2. Wife: This class acts as the facade and serves as the central coordinator for preparing different meals. It has methods like PrepareBreakfast, PrepareLunch, and PrepareDinner.
  3. Husband: This class represents the main program or the husband in the scenario. It creates an instance of the Wife class and requests the wife to prepare breakfast, lunch, and dinner using the respective methods.

Here's a detailed explanation of each part:

  1. The CookingSubsystem class contains various cooking methods (e.g., CookPasta, GrillChicken, etc.) that represent specific cooking tasks. These methods are the actual low-level tasks required to prepare each meal.
  2. The Wife class acts as the facade, providing high-level methods (PrepareBreakfast, PrepareLunch, PrepareDinner) to the husband (main program) for requesting meals. The wife uses these high-level methods to coordinate and perform the cooking tasks through the CookingSubsystem.
  3. In the PrepareBreakfast method, the wife uses the CookingSubsystem to make a sandwich by calling MakeSandwich() and prepares a salad by calling PrepareSalad(). The raw ingredients for the sandwich are provided as an array of strings (bread, cheese, etc.).
  4. In the PrepareLunch method, the wife takes two parameters: mainDish and sideDishes, representing the main dish and an array of side dishes for lunch. The wife simply displays the main dish and side dishes as part of preparing lunch. The actual cooking tasks for the main dish and side dishes are abstracted behind the facade.
  5. In the PrepareDinner method, the wife prepares dinner by cooking pasta, grilling chicken, stir-frying vegetables, and baking cake. The specific types of pasta, chicken, vegetables, and cake are provided as parameters to the method.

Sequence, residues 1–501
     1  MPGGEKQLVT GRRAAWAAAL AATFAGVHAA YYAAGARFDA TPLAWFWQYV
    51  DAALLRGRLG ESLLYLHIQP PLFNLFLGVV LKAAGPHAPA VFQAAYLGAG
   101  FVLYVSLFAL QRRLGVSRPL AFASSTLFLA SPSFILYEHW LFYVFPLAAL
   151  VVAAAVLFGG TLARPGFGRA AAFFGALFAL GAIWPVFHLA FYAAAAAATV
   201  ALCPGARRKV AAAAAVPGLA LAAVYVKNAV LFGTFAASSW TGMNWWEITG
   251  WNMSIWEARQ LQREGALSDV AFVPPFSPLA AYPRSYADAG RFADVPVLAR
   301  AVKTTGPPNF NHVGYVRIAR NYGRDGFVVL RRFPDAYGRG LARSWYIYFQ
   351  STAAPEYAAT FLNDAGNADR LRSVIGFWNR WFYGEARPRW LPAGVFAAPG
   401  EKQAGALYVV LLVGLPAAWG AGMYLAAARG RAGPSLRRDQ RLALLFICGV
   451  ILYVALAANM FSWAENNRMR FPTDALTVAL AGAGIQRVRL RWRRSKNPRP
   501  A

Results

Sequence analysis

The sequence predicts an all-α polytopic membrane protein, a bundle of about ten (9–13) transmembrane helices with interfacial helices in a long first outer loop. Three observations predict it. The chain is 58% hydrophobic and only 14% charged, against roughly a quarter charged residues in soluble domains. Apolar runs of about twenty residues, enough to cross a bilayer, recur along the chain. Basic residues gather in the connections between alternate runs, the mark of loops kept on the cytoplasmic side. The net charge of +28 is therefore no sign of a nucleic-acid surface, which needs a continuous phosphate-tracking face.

6. The Husband class represents the main program, where the husband's role is implied. It creates an instance of the Wife class and requests breakfast, lunch, and dinner by calling the respective methods on the wife.
  7. When the husband (main program) runs, it interacts with the Wife class (facade) to request different meals. The husband doesn't need to know the details of individual cooking tasks or processes (encapsulated in the CookingSubsystem), as the wife abstracts those complexities behind the facade.




Overall, the facade pattern allows the husband (main program) to interact with the wife (facade) through simple high-level methods (PrepareBreakfast, PrepareLunch, PrepareDinner), hiding the complexity of the actual cooking tasks performed by the wife (coordinating with the CookingSubsystem). This simplifies the communication and provides a clear interface for the husband to request different meals without needing to understand the intricacies of the cooking processes.


So the facade design pattern simplifies complex subsystems by providing a unified, easy-to-use interface for clients. It promotes loose coupling, encapsulation, and abstraction, allowing clients to interact with the system without understanding its intricacies. Facades enhance code organization, maintainability, and flexibility by hiding implementation details, making the system more user-friendly and adaptable to changes.


Please note that if you want a technical example please see our E-commerce Shopping Cart Example of Facade Design Pattern.


Still you face problems, feel free to contact with me, I will try my best to help you.